He played and sang the first verse and chorus. In the middle of the latter, so moved was he by the sentiment of it, his voice broke and he had to stop. Tears stood in his eyes and he wiped them away. A moment or two later he was able to go through it without wavering and I thought it charming for the type of thing it was intended to be. Later on (the following spring) I was literally astonished to see how, after those various efforts usually made by popular music publishers to make a song "go"—advertising it in the Clipper and Mirror, getting various vaudeville singers to sing it, and so forth—it suddenly began to sell, thousands upon thousands of copies being wrapped in great bundles under my very eyes and shipped express or freight to various parts of the country. Letters and telegrams, even, from all parts of the nation began to pour in—"Forward express today —— copies of Dresser's 'Tell Them That You Saw Me.'" The firm was at once as busy as a bee-hive, on "easy street" again, as the expression went, "in clover." Just before this there had been a slight slump in its business and in my brother's finances, but now once more he was his most engaging self. Every one in that layer of life which understands or takes an interest in popular songs and their creators knew of him and his song, his latest success. He was, as it were, a revivified figure on Broadway. His barbers, barkeepers, hotel clerks, theatrical box-office clerks, hotel managers and the stars and singers of the street knew of it and him. Some enterprising button firm got out a button on which the phrase was printed. Comedians on the stage, newspaper paragraphers, his bank teller or his tailor, even staid business men wishing to appear "up-to-date," used it as a parting salute. The hand-organs, the bands and the theater orchestras everywhere were using it. One could scarcely turn a corner or go into a cheap music hall or variety house without hearing a parody of it. It was wonderful, the enormous furore that it seemed to create, and of course my dear brother was privileged to walk about smiling and secure, his bank account large, his friends numerous, in the pink of health, and gloating over the fact that he was a success, well known, a genuine creator of popular songs.

It was the same with "On the Banks of the Wabash," possibly an even greater success, for it came eventually to be adopted by his native State as its State song, and in that region streets and a town were named after him. In an almost unintentional and unthinking way I had a hand in that, and it has always cheered me to think that I had, although I have never had the least talent for musical composition or song versification. It was one of those delightful summer Sunday mornings (1896, I believe), when I was still connected with his firm as editor of the little monthly they were issuing, and he and myself, living with my sister E——, that we had gone over to this office to do a little work. I had a number of current magazines I wished to examine; he was always wishing to compose something, to express that ebullient and emotional soul of his in some way.

"What do you suppose would make a good song these days?" he asked in an idle, meditative mood, sitting at the piano and thrumming while I at a nearby table was looking over my papers. "Why don't you give me an idea for one once in a while, sport? You ought to be able to suggest something."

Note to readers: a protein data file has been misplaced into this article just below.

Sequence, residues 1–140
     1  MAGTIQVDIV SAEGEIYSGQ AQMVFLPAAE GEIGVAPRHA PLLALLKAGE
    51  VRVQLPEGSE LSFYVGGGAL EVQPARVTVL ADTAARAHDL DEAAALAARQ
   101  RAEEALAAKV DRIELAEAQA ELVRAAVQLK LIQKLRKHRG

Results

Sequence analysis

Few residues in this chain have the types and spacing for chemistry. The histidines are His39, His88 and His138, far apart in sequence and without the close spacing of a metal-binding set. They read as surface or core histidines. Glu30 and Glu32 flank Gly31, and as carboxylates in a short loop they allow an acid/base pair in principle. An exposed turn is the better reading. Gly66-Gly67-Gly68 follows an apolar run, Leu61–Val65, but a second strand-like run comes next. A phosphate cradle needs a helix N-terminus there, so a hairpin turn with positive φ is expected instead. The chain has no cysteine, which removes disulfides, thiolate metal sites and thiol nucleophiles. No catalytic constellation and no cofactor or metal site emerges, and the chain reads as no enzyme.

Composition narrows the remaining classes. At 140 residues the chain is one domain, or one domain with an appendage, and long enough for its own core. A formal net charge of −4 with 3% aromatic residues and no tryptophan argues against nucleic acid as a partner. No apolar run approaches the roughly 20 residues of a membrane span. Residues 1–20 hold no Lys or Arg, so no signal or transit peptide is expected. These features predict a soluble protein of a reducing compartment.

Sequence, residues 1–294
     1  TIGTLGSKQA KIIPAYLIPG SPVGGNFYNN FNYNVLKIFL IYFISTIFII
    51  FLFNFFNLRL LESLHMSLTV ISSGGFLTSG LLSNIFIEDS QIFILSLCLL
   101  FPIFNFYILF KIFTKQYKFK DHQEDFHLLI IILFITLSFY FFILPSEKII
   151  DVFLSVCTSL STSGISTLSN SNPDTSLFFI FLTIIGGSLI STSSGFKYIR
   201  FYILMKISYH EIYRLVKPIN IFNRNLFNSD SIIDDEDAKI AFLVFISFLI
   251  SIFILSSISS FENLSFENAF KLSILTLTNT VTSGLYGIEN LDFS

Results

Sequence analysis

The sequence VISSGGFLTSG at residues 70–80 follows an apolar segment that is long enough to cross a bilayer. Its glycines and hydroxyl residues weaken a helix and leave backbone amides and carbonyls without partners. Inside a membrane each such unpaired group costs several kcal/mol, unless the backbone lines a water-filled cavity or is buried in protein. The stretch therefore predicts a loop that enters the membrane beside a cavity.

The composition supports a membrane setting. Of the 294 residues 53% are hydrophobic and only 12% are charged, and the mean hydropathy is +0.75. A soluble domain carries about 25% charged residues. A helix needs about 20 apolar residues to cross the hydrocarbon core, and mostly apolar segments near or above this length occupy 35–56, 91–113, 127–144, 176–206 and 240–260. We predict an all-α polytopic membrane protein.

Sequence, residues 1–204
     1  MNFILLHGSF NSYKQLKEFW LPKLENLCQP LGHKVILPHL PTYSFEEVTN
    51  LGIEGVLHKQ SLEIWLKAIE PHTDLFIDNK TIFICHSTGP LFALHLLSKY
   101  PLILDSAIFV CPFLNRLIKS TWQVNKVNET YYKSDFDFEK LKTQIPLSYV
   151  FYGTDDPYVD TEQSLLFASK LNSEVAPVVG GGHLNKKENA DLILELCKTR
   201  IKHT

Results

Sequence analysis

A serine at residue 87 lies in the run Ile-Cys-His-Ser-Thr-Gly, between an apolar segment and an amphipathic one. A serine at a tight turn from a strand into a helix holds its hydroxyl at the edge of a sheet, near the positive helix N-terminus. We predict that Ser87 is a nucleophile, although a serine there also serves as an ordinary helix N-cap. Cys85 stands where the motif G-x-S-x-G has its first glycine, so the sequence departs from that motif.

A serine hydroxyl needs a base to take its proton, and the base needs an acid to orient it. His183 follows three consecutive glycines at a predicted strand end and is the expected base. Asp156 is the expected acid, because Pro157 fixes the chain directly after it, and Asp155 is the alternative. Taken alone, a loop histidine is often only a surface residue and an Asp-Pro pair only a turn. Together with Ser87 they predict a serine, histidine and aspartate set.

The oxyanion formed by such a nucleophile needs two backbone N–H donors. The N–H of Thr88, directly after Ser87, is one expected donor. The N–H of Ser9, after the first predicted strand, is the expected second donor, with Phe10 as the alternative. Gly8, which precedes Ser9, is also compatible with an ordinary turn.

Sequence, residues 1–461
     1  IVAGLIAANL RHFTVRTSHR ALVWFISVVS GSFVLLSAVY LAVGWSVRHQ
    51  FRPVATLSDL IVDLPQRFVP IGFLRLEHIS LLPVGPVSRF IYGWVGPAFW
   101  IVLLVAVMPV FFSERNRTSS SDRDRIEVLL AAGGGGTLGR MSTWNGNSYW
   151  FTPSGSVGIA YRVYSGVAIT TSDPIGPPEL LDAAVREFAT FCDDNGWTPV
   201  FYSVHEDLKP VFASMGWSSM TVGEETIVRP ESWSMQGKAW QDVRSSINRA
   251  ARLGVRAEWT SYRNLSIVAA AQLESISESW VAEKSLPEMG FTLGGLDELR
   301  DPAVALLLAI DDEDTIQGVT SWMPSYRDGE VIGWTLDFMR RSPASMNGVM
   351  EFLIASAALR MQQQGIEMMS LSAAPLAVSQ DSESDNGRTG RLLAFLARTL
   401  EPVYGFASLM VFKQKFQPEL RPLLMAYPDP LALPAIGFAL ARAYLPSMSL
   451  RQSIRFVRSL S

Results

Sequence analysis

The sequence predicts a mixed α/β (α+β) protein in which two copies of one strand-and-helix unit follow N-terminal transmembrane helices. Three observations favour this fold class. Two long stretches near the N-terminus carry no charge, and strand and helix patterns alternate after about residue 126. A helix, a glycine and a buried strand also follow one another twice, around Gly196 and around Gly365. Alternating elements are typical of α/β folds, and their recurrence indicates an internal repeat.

"Me?" I queried, almost contemptuously, I suppose. I could be very lofty at times in regard to his work, much as I admired him—vain and yet more or less dependent snip that I was. "I can't write those things. Why don't you write something about a State or a river? Look at 'My Old Kentucky Home,' 'Dixie,' 'Old Black Joe'—why don't you do something like that, something that suggests a part of America? People like that. Take Indiana—what's the matter with it—the Wabash River? It's as good as any other river, and you were 'raised' beside it."

I have to smile even now as I recall the apparent zest or feeling with which all at once he seized on this. It seemed to appeal to him immensely. "That's not a bad idea," he agreed, "but how would you go about it? Why don't you write the words and let me put the music to them? We'll do it together!"

"But I can't," I replied. "I don't know how to do those things. You write it. I'll help—maybe."

After a little urging—I think the fineness of the morning had as much to do with it as anything—I took a piece of paper and after meditating a while scribbled in the most tentative manner imaginable the first verse and chorus of that song almost as it was published. I think one or two lines were too long or didn't rhyme, but eventually either he or I hammered them into shape, but before that I rather shamefacedly turned them over to him, for somehow I was convinced that this work was not for me and that I was rather loftily and cynically attempting what my good brother would do in all faith and feeling.

He read it, insisted that it was fine and that I should do a second verse, something with a story in it, a girl perhaps—a task which I solemnly rejected.

"No, you put it in. It's yours. I'm through."

Some time later, disagreeing with the firm as to the conduct of the magazine, I left—really was forced out—which raised a little feeling on my part; not on his, I am sure, for I was very difficult to deal with.

Time passed and I heard nothing. I had been able to succeed in a somewhat different realm, that of the magazine contributor, and although I thought a great deal of my brother I paid very little attention to him or his affairs, being much more concerned with my own. One spring night, however, the following year, as I was lying in my bed trying to sleep, I heard a quartette of boys in the distance approaching along the street in which I had my room. I could not make out the words at first but the melody at once attracted my attention. It was plaintive and compelling. I listened, attracted, satisfied that it was some new popular success that had "caught on." As they drew near my window I heard the words "On the Banks of the Wabash" most mellifluously harmonized.